The eerie feeling you might get while walking around McKinley Hall could bring forth thoughts of chills or thrills.
The eerie feeling you might get while walking around McKinley Hall could bring forth thoughts of chills or thrills. The area seems like a rotunda of horrors as weeds sprout high and cobwebs hang from treetops and along windows.
But a haunted house planned for October in the dark, dusty auditorium of McKinley Hall at the former Massillon State Hospital grounds is nevermore.
Instead of being filled with ghosts, goblins and witches for the weeks leading up to Halloween, the hall is being overcome by peeling paint on walls, falling debris from crumbling ceilings and dead animals, such as mice and birds, inside the structure. The condition caused city Environmental Health Director Terri Argent to issue an order to vacate the premises Sept. 10.
“The order will stay on until someone does something to fix the issues,” said Argent, adding that a front stairway chipping away was her primary concern. “It has to be made safe for public entry.”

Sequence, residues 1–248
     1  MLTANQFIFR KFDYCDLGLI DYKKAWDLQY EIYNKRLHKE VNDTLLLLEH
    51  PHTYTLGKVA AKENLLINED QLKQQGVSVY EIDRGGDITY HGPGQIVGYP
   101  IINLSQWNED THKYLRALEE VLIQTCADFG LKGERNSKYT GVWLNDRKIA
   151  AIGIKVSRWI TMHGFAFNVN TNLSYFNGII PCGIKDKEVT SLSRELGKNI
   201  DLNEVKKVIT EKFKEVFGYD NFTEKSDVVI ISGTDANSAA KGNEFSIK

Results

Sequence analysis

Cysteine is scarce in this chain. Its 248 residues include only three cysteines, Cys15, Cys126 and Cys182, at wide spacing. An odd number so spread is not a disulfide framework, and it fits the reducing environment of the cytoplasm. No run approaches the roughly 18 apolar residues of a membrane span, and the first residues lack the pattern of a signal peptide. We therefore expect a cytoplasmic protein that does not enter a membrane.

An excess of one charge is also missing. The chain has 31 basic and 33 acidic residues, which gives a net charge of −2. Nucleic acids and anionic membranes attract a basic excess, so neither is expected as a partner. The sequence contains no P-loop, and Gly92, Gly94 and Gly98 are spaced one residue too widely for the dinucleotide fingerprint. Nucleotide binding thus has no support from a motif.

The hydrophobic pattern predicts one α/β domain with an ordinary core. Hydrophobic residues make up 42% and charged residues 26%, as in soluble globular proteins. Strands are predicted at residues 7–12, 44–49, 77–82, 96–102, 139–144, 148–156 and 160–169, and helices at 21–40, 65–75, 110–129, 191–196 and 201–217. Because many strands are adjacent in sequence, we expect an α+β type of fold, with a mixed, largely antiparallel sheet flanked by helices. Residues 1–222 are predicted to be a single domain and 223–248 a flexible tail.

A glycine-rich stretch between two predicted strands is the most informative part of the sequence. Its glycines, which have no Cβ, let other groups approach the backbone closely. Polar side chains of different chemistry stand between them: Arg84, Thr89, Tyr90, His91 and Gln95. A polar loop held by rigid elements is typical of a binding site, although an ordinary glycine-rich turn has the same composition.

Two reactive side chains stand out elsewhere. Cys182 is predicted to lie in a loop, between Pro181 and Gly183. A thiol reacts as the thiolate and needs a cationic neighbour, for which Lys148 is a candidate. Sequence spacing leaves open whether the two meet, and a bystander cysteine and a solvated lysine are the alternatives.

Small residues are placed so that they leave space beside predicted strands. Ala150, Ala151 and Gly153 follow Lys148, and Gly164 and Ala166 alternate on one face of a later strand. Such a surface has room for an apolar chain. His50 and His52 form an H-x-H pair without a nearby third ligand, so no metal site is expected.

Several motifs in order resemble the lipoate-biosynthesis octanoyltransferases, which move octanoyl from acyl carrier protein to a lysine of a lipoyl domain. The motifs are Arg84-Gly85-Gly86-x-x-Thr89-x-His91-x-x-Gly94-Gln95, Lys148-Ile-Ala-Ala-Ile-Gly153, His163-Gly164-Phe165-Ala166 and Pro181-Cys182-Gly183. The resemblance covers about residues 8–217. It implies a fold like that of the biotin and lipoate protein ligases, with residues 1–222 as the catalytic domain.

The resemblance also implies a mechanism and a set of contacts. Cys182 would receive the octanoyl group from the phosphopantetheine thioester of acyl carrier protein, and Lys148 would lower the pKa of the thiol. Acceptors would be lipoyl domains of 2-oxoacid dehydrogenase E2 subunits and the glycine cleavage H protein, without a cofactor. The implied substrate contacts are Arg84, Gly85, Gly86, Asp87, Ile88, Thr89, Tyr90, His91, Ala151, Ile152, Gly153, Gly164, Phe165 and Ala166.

Earlier this month, City Council held discussion on an ordinance to allow a company, P.R. Kane Productions, to clean and restore the hall’s auditorium on the city’s south side to open a haunted house.
The auditorium was to be revamped by the production company, operated by Peter Kolomichuck, of Medina. The effort fell through mainly due to the company not following through on a fix-up schedule set by the city, according to City Safety-Service Director Al Hennon.
“Our instructions were not met,” said Hennon. “The order to vacate was partially him not following through.”
An attempt to reach Kolomichuck was not successful.
The inside of the auditorium was not cleaned thoroughly, and equipment and decorations were moved in prior to necessary health and fire inspections, Hennon said. The city’s Parks and Recreation Board later denied Kolomichuck’s request.
Councilwoman Michelle Del Rio-Keller said the city owns the McKinley building but is not paying utilities there because they’re disconnected.
The city received a $2,500 nonrefundable deposit from Kolomichuck earlier this month, allowing the company to begin its renovation. Hennon said the city is keeping the money, and added there are no immediate plans to open or renovate McKinley Hall.
“I’m really not sure what’s going to happen out there,” he said.